Michael Moore on the ‘Dark Knight’ Shooting: ‘We Are a Violent Nation’ (Exclusive)

"Bowling for Columbine" director Michael Moore tells TheWrap that violence will continue until the world has "had its fill" of the U.S.

Friday morning's shootings at a Colorado showing of "The Dark Knight Rises" are simply evidence that America is "a violent nation," said Michael Moore, director of "Bowling for Coumbine," a 2002 documentary about the U.S. culture of firearms and violence that drew its title from an earlier shooting in Colorado.

When asked if he'd like to comment about the events by TheWrap, the outspoken and politically active filmmaker did not lobby for gun control. He simply replied with a one-sentence email in which he said he sees continued violence until the world "[has] its fill of us."

Also read: James Holmes, Suspect in 'Dark Knight' Shooting, a Shy 'Loner'

Moore's email reads:

"I believe anthropologists and historians will look back on us and simply conclude that we were a violent nation, at home and abroad, but in due time human decency won out and the violence ceased, but not before many, many more had died and the world had had its fill of us."

On his Twitter account, Moore began the day with the tweet, "Too sad at the moment to comment." He later retweeted a Friday morning message from the official Twitter account of the NRA's American Rifleman magazine: "Good morning, shooters. Happy Friday! Weekend plans?"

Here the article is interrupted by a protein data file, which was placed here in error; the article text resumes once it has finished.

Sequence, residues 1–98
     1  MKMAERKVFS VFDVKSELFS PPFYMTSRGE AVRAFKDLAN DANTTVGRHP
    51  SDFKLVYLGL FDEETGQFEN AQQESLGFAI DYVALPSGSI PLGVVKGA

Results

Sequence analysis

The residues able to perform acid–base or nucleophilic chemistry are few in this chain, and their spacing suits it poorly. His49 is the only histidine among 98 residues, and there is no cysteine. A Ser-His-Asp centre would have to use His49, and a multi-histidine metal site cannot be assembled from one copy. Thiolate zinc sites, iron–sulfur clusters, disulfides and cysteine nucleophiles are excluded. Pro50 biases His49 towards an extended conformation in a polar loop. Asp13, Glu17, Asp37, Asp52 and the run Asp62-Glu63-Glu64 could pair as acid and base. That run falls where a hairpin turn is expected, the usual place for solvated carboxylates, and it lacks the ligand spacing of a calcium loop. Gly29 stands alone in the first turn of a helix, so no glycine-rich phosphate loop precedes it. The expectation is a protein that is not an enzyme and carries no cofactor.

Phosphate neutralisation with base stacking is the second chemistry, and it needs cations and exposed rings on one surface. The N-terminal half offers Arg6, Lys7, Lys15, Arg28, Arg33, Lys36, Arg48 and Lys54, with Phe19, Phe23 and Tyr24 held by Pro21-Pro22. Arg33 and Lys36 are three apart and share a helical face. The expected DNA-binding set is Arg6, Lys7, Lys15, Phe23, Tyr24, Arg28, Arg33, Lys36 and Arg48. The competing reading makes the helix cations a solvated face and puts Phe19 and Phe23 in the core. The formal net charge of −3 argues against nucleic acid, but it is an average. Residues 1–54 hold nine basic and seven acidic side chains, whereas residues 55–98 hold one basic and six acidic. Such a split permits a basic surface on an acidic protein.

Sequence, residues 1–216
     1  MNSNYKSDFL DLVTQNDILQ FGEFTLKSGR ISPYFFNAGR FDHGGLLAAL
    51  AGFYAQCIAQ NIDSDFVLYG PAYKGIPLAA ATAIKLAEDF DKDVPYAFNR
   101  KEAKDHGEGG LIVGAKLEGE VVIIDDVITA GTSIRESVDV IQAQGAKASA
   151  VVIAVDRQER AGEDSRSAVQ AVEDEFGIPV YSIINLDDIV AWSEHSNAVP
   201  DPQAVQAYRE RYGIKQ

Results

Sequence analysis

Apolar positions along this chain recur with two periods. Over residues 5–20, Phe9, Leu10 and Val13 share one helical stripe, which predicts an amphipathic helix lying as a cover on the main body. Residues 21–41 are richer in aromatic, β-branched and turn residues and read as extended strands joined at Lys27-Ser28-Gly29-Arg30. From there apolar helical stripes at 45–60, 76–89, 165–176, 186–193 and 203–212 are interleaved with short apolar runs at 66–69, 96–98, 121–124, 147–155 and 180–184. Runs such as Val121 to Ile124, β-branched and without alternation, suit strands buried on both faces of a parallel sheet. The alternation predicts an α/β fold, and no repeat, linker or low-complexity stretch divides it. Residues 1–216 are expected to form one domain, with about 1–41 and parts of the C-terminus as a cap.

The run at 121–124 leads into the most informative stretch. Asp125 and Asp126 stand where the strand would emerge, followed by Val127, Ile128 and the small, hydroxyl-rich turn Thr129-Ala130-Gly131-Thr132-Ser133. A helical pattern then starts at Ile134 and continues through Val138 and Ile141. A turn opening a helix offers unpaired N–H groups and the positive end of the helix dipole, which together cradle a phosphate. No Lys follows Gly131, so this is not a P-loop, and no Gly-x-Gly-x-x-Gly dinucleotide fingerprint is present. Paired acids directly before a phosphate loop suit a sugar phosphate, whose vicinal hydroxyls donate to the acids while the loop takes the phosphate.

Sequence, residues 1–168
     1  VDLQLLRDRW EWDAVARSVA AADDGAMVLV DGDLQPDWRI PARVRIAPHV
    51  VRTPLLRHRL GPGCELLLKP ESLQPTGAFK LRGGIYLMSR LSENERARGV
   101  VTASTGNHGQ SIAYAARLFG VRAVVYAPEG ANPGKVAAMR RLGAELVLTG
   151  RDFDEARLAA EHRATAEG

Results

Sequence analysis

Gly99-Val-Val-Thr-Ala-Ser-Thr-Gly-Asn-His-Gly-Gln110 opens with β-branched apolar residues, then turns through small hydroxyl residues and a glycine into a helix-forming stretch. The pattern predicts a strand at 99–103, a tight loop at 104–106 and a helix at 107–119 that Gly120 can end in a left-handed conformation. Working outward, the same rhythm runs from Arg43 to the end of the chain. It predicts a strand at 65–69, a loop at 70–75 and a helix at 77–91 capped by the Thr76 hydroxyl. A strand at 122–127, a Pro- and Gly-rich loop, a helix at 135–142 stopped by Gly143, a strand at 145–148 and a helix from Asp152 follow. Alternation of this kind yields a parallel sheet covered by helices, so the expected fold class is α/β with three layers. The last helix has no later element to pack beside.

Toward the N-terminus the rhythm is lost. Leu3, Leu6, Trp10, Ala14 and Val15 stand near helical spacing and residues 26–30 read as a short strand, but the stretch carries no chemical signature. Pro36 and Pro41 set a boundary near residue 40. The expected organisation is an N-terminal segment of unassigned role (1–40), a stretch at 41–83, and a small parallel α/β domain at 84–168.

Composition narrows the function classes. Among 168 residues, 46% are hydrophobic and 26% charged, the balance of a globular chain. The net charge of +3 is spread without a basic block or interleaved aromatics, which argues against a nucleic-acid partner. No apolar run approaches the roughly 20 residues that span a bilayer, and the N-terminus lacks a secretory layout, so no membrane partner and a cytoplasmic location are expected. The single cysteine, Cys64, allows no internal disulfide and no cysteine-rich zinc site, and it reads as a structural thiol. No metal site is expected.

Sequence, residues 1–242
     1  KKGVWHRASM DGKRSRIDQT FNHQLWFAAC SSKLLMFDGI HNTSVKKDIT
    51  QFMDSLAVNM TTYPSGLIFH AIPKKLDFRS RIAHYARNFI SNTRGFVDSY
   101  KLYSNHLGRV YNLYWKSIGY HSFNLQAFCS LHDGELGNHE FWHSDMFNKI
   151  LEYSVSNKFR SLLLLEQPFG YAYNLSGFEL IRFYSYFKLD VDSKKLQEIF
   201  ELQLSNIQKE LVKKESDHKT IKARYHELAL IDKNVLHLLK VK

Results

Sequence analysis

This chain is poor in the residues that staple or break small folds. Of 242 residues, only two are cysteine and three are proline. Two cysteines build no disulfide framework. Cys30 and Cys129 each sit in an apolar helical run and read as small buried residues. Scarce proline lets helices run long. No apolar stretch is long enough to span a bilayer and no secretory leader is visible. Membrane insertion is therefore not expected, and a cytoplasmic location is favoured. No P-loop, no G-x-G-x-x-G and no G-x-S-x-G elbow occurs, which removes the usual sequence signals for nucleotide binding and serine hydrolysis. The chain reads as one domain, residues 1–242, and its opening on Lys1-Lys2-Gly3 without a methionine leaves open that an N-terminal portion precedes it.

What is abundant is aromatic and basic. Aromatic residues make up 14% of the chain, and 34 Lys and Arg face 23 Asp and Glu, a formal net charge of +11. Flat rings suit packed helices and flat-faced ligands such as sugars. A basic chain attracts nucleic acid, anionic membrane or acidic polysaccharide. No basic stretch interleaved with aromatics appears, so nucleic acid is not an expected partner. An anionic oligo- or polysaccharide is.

That tweet (below) was subsequently deleted without comment from the NRA's Twitter feed. An NRA spokesperson said it was posted by an individual with no knowledge of the events in Colorado.

"Bowling for Columbine," which grossed close to $60 million worldwide and won the Academy Award for Best Documentary Feature, was Moore's examination into the roots of the Columbine High School massacre, in which two teenagers opened fire in the Colorado town and killed 12 students and one teacher in 1999. 

Also read: Box Office: 'Dark Knight Rises' Scores Second Highest Grossing Midnight Opening in History

In addition to making points about the ease with which guns can be obtained, the film pointed to a history of violence in U.S. domestic and foreign policy.

When Moore won an Oscar for the film in 2003, he sharply divided the Kodak Theatre audience with a speech that condemned the George W. Bush administration for its "fictitious war" in Iraq. His speech was greeted with a mixture of cheers and boos from the audience and shouts from stagehands backstage, though presenter Diane Lane took him aside and told him the remarks were "very inspirational."